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Replace Outdated Voting Machines

The Brennan Center’s Democracy Agenda outlines a series of concrete proposals that the next President and Congress should embrace to improve democracy in America.

Published: February 4, 2016

Read our 2019 analysis on voting machines here.

America’s voting machines are rapidly aging out. Most machines in use today were purchased between 2000 and 2005 and have a projected lifespan of 10 to 15 years. These antiquated systems contribute to long lines and are prone to errors like lost votes, “flipped” votes going to the wrong candidate, and incorrect tallies. Maintaining these old machines is both difficult and expensive, since replacement parts are no longer manufactured. The Presidential Commission on Election Administration concluded there is an “impending crisis… from the widespread wearing out of voting machines purchased a decade ago.”[1]

Not surprisingly, election officials are well aware of the problem. A Brennan Center survey found jurisdictions in at least 31 states want to purchase new voting machines in the next five years. But officials in 22 of these states — 71 percent — said they did not know where they would find the money to pay for them. [2]

In an era of strained state and local budgets, spending money on voting machines hardly seems like an immediate priority. Yet, we have already seen the consequences. For instance, one expert warned in 1988 that punch card voting systems, like those used in some parts of Florida in 2000, needed to be upgraded or replaced. Twelve years later the presidency hung in the balance as the nation debated hanging chads, voter error, and lost votes.[3]


The federal Election Assistance Commission (EAC) is the agency best equipped to aid states in dealing with aging voting equipment. It can act as a clearinghouse, providing critical information on machine problems and solutions as well as best practices for maintenance. Yet the EAC was hobbled for four years, until late 2014, because it did not have a quorum of commissioners. Meanwhile, some lawmakers are pushing for the EAC to be shut down altogether.[4]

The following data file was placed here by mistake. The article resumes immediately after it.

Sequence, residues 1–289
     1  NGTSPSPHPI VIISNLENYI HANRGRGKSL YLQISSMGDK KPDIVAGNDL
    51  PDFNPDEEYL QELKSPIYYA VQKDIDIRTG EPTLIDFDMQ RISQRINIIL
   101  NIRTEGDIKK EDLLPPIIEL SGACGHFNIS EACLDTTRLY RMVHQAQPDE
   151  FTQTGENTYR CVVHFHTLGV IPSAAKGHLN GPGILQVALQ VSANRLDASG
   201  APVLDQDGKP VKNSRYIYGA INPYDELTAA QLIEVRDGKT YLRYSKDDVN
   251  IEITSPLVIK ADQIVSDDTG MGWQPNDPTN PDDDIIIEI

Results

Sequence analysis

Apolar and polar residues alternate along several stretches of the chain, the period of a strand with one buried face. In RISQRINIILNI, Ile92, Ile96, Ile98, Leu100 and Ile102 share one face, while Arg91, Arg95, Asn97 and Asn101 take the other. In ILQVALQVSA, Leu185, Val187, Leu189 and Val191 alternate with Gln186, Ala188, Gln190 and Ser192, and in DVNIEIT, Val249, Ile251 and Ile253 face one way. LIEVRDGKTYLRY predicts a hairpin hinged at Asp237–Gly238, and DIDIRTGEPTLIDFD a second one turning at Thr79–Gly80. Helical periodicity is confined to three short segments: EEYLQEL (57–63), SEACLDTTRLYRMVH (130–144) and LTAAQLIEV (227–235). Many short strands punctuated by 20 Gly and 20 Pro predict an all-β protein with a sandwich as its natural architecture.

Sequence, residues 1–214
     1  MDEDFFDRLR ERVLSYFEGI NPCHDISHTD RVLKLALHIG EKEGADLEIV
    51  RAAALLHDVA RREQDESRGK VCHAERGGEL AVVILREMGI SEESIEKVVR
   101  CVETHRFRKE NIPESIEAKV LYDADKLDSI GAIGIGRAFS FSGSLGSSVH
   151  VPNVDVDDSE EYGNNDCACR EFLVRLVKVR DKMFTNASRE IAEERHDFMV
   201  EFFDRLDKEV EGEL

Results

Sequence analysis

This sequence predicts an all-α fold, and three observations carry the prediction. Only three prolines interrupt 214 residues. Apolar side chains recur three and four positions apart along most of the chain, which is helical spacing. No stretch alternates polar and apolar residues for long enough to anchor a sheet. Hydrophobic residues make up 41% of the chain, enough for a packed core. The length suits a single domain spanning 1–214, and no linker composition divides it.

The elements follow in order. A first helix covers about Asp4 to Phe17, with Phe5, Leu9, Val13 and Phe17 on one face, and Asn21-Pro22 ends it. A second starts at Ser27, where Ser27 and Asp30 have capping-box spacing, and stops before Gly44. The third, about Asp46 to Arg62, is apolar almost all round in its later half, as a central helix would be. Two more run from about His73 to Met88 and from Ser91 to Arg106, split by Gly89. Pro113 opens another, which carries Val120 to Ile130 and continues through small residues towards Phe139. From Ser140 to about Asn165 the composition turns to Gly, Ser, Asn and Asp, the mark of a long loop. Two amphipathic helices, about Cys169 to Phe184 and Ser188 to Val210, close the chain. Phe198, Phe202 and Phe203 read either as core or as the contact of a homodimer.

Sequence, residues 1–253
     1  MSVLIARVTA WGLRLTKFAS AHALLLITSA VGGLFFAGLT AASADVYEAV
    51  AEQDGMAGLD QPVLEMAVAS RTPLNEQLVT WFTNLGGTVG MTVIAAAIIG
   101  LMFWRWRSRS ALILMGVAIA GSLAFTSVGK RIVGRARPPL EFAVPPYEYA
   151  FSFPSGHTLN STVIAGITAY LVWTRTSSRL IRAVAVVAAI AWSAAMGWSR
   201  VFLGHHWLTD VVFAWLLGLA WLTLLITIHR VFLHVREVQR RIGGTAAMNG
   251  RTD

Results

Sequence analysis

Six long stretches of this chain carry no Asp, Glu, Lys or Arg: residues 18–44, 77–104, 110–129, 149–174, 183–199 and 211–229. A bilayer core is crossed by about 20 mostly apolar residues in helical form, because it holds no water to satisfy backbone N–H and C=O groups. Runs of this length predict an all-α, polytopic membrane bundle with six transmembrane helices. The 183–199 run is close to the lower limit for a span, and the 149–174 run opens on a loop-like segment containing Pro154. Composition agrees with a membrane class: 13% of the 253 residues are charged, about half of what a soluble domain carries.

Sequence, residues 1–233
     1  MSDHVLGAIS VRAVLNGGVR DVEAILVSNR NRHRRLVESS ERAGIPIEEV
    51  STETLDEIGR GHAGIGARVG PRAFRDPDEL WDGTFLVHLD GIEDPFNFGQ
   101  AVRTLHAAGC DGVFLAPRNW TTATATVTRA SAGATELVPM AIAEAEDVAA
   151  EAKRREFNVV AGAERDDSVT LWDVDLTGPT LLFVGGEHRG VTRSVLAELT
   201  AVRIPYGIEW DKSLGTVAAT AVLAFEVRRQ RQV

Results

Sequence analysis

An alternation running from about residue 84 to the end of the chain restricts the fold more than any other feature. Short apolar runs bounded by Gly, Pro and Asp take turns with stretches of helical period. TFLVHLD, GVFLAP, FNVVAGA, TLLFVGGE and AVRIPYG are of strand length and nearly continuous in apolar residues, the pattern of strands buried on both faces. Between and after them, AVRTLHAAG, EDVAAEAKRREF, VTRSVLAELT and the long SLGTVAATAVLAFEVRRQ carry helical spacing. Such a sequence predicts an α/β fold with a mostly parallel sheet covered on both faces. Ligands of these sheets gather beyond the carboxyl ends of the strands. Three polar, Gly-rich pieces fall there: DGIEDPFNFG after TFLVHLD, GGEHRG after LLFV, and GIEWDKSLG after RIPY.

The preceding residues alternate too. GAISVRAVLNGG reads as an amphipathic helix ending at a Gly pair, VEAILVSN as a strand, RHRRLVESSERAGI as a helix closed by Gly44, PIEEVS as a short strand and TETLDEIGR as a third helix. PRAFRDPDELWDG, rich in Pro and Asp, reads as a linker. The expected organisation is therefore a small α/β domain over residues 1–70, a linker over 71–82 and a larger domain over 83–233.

Instead of trying to kill the EAC, Congress should bolster it. As of this writing, one of the four commissioner slots is vacant and should be filled. Equally important, Congress should enhance EAC’s grant programs that can spur improvements in technology and administration.

Why This Can Be Achieved

While antiquated machines are a concern for the 2016 election, new innovations show the next generation of voting machines can be more reliable, more usable, and less expensive. Many officials want to use commercial-off-the-shelf hardware, such as printers and tablets, and adapt them for voting. This is far less expensive than today’s voting machines and can be easily and cheaply replaced. With proper funding, the same kind of cheap, reliable computer power that Americans use every day can at last be introduced to voting machines.

In the last year, the EAC has done an admirable job of moving forward on stalled projects, approving long-pending voting machine guidelines and beginning the process to create new ones. Of a $3.8 trillion federal budget, the cost of the EAC is microscopic, a mere $10 million. That’s less than five cents per registered voter.[5]

With democracy at stake, Congress should provide robust support to the EAC so it can supply the necessary resources for states and localities to have voting systems that are accurate, efficient, and affordable. The result will be an improved experience for all voters.


Next: End Long Lines

[1] The Presidential Comm’n on Election Admin., The American Voting Experience: Report and Recommendations of the Presidential Commission on Election Administration 62 (2014), available at–09–14–508.pdf.

[2] Lawrence Norden, Christopher Famighetti, America’s Voting Machines at Risk (2015), available at

[3] The warnings of the Commission and the relative lack of attention they have received represent an eerie repetition  of the silence that greeted a 1988 National Bureau of Standards report written by Roy Saltman, who argued that punch card voting systems,  like the kind used in Ft Lauderdale, Florida needed to be upgraded or replaced, or serious consequences would follow. See Roy G. Saltman, Nat’l Bureau of Standards, Accuracy, Integrity and Security in Computerized Vote-Tallying (1988), available at–158.htm. In addition, election officials in Massachusetts and New Hampshire banned the use of punch card voting machines before 2000. Lucy Morgan, Punch Cards Fraught with Errors, St. Petersburg Times, Nov. 14, 2000, available at; Richard Lacayo, Is This Any Way to Vote?, TIME, Nov. 27, 2000, available at,8599,2047399,00.html; John Minz, Most States Don’t Count Dimples, Wash. Post, Nov. 24, 2000, available at–643ea930a375/.

[4] See Election Assistance Termination Act, H.R. 195, 114th Cong. (2015).